Free movement of workers would return under any variation of the Norwegian model that can win EU approval. It seems that most people in the UK now think it was a mistake to leave the EU, and only a small majority supports reintegration into the EU. This suggests that free movement is something the public as a whole is ready to accept, even if it could be a loser in some and possibly many constituencies. But if free movement were not fatal to the prospect of a Norwegian-style soft Brexit, the fact that the UK is subject to EU laws without having any influence on the content of these laws would be very most likely.

The Norwegian model would leave the regulation of UK companies to the governments of their main competitors

The impression that EU single market laws are only about technical rules that nobody needs to worry about is wrong. They somehow regulate an economically and politically important subject. A non-exhaustive list includes air, road, rail and maritime transport, pollution and the fight against global warming, company law, public procurement, state support for businesses, energy, takeovers and mergers, the activities of advertisers, lawyers, banks and insurance companies and the National Health Service.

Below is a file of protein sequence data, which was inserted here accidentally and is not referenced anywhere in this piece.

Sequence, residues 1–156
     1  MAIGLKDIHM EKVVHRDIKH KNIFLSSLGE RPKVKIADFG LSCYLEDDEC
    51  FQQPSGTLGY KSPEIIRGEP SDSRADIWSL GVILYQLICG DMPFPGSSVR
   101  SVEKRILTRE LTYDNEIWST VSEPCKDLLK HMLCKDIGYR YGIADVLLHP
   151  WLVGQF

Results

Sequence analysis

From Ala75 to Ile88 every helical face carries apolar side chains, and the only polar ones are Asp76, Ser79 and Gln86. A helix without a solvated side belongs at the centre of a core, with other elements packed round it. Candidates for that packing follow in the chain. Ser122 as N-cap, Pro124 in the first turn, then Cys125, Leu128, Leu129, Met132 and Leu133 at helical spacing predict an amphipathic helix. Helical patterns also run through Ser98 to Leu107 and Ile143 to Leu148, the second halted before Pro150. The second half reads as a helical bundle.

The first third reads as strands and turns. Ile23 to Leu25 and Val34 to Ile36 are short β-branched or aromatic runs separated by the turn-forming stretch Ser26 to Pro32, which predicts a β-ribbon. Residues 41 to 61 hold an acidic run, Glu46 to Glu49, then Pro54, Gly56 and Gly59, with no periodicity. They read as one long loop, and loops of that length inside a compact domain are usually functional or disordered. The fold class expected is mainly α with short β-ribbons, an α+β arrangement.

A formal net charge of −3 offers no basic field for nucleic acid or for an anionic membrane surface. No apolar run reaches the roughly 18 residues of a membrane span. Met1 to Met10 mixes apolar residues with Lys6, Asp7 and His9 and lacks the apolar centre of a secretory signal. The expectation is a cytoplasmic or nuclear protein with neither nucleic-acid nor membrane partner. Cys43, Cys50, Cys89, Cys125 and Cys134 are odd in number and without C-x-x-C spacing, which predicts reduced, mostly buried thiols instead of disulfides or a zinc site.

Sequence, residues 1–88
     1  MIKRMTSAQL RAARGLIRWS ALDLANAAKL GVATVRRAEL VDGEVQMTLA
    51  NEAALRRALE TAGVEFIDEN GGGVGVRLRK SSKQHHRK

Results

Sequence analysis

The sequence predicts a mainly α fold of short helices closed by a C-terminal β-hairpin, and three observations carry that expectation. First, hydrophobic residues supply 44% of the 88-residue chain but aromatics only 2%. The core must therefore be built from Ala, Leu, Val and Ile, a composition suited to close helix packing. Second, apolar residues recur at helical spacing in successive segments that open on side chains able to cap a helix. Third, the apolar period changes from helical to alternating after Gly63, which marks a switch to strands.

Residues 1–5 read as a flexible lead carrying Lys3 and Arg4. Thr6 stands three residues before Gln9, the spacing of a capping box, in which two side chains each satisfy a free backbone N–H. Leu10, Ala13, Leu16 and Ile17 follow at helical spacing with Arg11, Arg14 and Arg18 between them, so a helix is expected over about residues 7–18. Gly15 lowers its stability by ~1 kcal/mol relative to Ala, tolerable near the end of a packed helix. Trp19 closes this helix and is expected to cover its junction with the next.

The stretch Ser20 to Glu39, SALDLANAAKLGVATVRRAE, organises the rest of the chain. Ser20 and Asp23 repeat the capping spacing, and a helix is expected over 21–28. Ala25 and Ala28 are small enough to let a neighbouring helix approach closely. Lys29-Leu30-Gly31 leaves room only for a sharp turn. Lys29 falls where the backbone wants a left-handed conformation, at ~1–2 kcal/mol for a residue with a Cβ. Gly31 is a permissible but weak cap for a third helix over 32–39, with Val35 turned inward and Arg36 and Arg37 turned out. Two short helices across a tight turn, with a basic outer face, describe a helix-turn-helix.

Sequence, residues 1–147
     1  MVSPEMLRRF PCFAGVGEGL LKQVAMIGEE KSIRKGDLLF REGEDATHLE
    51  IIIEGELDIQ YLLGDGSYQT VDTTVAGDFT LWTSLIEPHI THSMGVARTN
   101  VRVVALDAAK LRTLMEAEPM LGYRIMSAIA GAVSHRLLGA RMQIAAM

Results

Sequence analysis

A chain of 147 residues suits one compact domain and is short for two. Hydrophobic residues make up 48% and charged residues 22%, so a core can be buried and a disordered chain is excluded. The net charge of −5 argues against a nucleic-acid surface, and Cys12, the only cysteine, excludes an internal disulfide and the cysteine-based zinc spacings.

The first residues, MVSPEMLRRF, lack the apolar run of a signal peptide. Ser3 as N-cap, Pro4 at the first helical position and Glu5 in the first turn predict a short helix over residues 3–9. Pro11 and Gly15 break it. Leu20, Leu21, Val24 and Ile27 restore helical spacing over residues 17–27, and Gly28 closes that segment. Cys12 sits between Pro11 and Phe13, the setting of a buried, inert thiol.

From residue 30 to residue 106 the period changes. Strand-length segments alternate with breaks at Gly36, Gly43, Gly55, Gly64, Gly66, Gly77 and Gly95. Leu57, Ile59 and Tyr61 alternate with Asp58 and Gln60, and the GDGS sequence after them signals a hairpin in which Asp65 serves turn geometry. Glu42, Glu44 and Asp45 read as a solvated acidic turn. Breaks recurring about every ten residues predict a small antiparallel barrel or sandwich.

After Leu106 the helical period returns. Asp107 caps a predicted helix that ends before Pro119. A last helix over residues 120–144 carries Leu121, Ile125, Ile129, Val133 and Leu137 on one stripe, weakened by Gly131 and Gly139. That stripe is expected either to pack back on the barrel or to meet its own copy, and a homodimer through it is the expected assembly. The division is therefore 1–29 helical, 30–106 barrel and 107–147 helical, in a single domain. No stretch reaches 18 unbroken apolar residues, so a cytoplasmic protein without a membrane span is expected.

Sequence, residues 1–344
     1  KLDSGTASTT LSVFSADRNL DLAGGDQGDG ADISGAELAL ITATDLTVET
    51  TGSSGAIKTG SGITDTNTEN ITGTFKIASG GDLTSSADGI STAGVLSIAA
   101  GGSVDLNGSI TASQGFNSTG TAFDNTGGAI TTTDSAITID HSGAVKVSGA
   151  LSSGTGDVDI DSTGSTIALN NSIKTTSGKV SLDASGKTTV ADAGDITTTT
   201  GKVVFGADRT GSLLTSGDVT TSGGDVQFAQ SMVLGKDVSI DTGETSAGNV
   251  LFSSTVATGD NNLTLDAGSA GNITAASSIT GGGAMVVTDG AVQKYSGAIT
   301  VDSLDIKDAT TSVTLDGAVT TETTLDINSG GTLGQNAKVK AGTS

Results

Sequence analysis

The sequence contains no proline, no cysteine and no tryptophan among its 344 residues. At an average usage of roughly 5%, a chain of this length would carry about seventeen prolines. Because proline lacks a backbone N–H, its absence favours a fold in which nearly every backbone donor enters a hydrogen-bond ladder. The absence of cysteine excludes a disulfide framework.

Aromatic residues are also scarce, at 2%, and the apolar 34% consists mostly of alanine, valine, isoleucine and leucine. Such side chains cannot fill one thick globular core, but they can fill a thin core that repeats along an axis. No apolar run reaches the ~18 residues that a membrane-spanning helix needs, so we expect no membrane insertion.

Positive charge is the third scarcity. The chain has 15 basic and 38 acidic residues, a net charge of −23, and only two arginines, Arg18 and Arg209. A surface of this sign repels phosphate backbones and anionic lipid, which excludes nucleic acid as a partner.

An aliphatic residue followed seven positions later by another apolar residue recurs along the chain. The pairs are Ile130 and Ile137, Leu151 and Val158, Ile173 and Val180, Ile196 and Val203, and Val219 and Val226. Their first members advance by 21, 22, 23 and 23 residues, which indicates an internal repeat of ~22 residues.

The EFTA states do not apply the single market tax harmonization rules, but one would expect the UK to do so. And France could insist that the UK join the Common Fisheries Policy, to restore pre-Brexit French fishing quotas in UK waters.

As an EU member state, it was the UK’s influential participation in the EU legislative process (with veto power in some cases) that gave democratic legitimacy to the application of the law. from the EU to the UK. If the United Kingdom adopted a soft Brexit on the Norwegian model, the United Kingdom would have no say in the development and modification of the European legislation which applies to the United Kingdom, and this democratic legitimacy would be lacking.

An independent committee appointed by the Norwegian government said that “Norway is in practice bound to adopt EU policies and rules… without the right to vote”. He noted that “this democratic deficit is the price Norway is paying for enjoying the benefits of European integration without being [an EU Member].’ It is highly unlikely that any UK government and parliament would be willing to sign a legislative blank check to the EU as the price of a soft Brexit.

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About the Author

Derrick Wyatt, QC, is Emeritus Professor of Law at the University of Oxford and a former litigation lawyer in the EU courts. He has advised government bodies and businesses on legal issues related to the EU internal market, environment and climate change. He is a member of the International Academic Council of Fundacion Fide, an independent, non-partisan Spanish think tank.

picture by Viktor Forgacs on Unsplash